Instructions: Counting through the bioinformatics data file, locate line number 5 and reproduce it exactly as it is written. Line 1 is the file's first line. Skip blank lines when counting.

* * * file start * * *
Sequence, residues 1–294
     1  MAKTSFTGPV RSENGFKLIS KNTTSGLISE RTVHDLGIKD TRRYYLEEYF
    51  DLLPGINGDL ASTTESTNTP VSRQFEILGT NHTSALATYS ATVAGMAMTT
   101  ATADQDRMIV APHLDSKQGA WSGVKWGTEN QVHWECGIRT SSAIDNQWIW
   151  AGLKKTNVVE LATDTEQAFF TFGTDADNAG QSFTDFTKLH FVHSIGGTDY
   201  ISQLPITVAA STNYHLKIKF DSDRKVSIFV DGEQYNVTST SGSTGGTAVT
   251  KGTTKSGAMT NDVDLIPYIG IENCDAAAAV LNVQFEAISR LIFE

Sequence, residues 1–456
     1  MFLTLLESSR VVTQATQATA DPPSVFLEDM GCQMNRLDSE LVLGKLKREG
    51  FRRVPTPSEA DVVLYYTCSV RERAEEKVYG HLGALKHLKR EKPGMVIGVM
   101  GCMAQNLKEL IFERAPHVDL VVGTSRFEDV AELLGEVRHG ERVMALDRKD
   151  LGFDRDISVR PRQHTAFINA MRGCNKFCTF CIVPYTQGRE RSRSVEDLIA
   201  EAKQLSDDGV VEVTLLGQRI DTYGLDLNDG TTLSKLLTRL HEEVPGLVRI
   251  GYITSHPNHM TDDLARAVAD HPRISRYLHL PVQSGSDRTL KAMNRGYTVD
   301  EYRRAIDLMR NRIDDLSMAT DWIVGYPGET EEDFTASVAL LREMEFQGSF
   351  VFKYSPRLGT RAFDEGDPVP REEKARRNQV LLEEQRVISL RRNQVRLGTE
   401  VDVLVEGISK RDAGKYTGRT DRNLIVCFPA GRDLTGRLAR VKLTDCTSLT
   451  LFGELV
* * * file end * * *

   151  AGLKKTNVVE LATDTEQAFF TFGTDADNAG QSFTDFTKLH FVHSIGGTDY